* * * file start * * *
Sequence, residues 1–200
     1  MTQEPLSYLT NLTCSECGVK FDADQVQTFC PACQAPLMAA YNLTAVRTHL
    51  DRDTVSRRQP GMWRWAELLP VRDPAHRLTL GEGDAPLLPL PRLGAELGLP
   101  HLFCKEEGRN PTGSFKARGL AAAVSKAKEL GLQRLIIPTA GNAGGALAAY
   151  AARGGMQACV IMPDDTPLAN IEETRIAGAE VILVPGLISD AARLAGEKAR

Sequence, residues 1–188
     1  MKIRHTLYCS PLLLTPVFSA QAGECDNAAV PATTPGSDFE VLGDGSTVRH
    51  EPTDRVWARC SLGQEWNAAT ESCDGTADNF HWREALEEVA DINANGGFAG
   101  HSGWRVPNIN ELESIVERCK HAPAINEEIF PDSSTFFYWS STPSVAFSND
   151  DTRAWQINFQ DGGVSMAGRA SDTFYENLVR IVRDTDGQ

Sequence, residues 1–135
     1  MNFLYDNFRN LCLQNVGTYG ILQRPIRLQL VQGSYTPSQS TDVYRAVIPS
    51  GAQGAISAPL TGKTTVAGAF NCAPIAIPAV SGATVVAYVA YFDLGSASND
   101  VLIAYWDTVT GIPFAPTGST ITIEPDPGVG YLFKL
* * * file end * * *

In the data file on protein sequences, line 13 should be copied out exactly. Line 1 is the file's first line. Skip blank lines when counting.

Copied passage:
    51  GAQGAISAPL TGKTTVAGAF NCAPIAIPAV SGATVVAYVA YFDLGSASND